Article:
Sleeve - roped, natural, knocked down.

    Can't think of any other variation.

    And this should go on your blog as well, along with the post on pants corrections
     
  10. kasakka

    kasakka Well-Known Member

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    Nice thread.

    I have a pretty fundamental question:

    Why do suit jackets generally have so much padding? I recently bought my first unstructured jacket and really like how it looks very natural. A little bit of padding would make it look more formal, but who are these people who need excessive amounts of padding as you find on some, especially cheaper, suits?
     
  11. Parker

    Parker Well-Known Member

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    [​IMG]
    Serious question: Until the final minute of that video, I thought the crooked vs. straight was an adjustment for one's body so the cloth would hang correctly down the front, but then he said he preferred the straight method. So, is it just a tailor's preference? I always thought an unbuttoned jacket should not look much different (i.e. more open or more closed) than when it was buttoned. Sorry for the derail jeffrey.
     
  12. Despos

    Despos Well-Known Member

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    IMPORTANT NOTICE: No media files are hosted on these forums. By clicking the link below you agree to view content from an external website. We can not be held responsible for the suitability or legality of this material. If the video does not play, wait a minute or try again later. I AGREE

    TIP: to embed Youtube clips, put only the encoded part of the Youtube URL, e.g. eBGIQ7ZuuiU between the tags. [​IMG] - B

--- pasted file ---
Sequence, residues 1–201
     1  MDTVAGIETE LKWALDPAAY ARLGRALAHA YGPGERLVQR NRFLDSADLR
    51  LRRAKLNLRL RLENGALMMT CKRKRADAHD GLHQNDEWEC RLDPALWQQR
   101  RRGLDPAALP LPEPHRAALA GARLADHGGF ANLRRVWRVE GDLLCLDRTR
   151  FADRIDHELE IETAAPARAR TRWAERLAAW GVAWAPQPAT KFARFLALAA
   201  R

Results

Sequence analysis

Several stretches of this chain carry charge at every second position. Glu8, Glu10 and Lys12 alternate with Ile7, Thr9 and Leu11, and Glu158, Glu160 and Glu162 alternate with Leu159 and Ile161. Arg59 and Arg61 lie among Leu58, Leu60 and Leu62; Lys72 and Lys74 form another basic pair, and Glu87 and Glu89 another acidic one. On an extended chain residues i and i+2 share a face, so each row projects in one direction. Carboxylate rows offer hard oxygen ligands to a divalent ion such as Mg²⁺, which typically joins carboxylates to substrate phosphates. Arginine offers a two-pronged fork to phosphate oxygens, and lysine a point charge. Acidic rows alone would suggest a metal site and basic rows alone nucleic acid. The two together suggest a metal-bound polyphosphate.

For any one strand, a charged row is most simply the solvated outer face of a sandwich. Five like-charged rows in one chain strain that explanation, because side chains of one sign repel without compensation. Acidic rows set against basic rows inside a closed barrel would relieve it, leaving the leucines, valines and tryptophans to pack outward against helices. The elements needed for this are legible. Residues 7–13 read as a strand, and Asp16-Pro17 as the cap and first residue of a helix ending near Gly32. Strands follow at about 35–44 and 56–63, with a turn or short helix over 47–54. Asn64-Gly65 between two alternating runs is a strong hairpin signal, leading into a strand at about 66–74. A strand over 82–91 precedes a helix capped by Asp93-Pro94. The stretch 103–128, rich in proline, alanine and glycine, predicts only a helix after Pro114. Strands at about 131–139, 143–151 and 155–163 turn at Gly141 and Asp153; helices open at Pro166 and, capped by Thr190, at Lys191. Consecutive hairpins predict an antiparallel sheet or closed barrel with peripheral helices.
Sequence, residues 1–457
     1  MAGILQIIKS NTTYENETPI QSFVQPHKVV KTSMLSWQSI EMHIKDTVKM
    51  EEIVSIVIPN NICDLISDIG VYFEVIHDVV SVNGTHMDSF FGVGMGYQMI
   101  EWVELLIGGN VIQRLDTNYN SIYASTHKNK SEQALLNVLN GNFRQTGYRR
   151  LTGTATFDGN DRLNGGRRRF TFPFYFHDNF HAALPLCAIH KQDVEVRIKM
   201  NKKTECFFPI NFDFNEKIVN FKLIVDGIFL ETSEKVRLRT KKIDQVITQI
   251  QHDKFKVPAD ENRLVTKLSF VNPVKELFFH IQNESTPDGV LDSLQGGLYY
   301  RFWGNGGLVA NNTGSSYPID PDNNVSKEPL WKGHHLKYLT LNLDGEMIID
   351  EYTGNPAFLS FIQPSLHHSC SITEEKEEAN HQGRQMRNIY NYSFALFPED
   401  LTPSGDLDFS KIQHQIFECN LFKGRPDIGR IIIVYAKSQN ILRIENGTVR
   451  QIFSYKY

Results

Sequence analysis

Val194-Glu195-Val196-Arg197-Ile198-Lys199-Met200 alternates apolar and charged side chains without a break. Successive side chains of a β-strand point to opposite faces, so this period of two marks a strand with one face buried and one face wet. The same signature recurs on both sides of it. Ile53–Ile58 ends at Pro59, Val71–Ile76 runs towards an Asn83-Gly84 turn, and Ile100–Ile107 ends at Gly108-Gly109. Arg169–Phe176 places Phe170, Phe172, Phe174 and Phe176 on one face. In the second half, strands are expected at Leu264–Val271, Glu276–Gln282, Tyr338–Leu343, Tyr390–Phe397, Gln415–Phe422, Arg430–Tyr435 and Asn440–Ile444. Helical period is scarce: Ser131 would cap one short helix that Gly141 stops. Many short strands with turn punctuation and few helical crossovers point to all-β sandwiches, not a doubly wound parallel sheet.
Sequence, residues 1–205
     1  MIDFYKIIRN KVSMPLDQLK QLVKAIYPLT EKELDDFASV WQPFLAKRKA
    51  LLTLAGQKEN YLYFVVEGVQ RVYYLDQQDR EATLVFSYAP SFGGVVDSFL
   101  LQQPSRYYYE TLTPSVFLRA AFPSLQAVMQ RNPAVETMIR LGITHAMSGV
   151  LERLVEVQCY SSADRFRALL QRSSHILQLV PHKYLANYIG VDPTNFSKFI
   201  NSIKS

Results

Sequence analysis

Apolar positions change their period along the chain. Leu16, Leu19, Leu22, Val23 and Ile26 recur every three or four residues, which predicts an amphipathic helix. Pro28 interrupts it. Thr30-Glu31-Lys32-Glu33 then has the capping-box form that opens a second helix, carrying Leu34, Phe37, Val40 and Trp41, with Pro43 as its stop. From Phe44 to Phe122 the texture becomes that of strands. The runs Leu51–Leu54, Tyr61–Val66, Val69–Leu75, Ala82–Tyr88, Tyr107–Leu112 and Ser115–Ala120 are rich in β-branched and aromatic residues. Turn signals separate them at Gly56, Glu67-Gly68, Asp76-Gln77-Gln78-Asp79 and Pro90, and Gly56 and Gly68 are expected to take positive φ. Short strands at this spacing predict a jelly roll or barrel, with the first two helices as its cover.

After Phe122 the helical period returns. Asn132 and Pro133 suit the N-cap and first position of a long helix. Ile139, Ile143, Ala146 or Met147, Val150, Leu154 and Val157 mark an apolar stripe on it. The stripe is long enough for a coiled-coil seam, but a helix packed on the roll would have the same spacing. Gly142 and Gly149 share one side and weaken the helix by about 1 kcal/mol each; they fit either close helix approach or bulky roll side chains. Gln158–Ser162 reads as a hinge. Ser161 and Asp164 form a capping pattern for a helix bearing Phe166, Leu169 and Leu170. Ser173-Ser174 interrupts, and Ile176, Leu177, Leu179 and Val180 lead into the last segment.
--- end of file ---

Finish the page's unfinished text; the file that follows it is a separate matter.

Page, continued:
[​IMG] [​IMG] [​IMG] Thank you for the video V. Haven't seen this before
     
  13. patrickBOOTH

    patrickBOOTH Well-Known Member

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    Could somebody explain the stitching near the sleevehead of this shoulder? I have seen it both with lapped and unlapped sleeveheads.

    [​IMG]
     
  14. Despos

    Despos Well-Known Member

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    The seam is pressed open at the top of the sleeve. One outlet goes into the sleeve and the other comes back under the jacket shoulder. The stitch is more decoration than function but it is holding the outlet in place. Pressing the seam open is most common and the topstitch is purely optional.
     
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  15. patrickBOOTH

    patrickBOOTH Well-Known Member

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    Thanks Chris, that is what I suspected.
     
  16. Mute

    Mute Well-Known Member

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    Great post! Very enlightening.
     
  17. Prince of Paisley

    Prince of Paisley Well-Known Member

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    The seam is pressed open at the top of the sleeve. One outlet goes into the sleeve and the other comes back under the jacket shoulder. The stitch is more decoration than function but it is holding the outlet in place. Pressing the seam open is most common and the topstitch is purely optional.
    Is this also sometimes referred to as an "AMF topstitch" - after the machine which creates the stitich?
     
  18. Despos

    Despos Well-Known Member

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    Jefferyd answered this one. AMF was the name of a machine that produced a machine stitch that simulated a hand stitch. The machined hand stitch is called AMF.
     
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  19. Prince of Paisley

    Prince of Paisley Well-Known Member

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    Thanks, I must have missed that post. American Machine Foundry IIRC..?
     
  20. Mr Herbert

    Mr Herbert Well-Known Member

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    is there any guidance towards what type of shoulder treatment to receive?

    is it a case of going with what the tailor naturally does? are certain treatments more suited to certian garments?

    for example, i use hong kong tailors and have usually asked for roped shoulders on suits, and natural shoulders on sports jackets, mainly because i see natural shoulders as being a little less formal...

    or am i better off sticking to one style which suits my build better?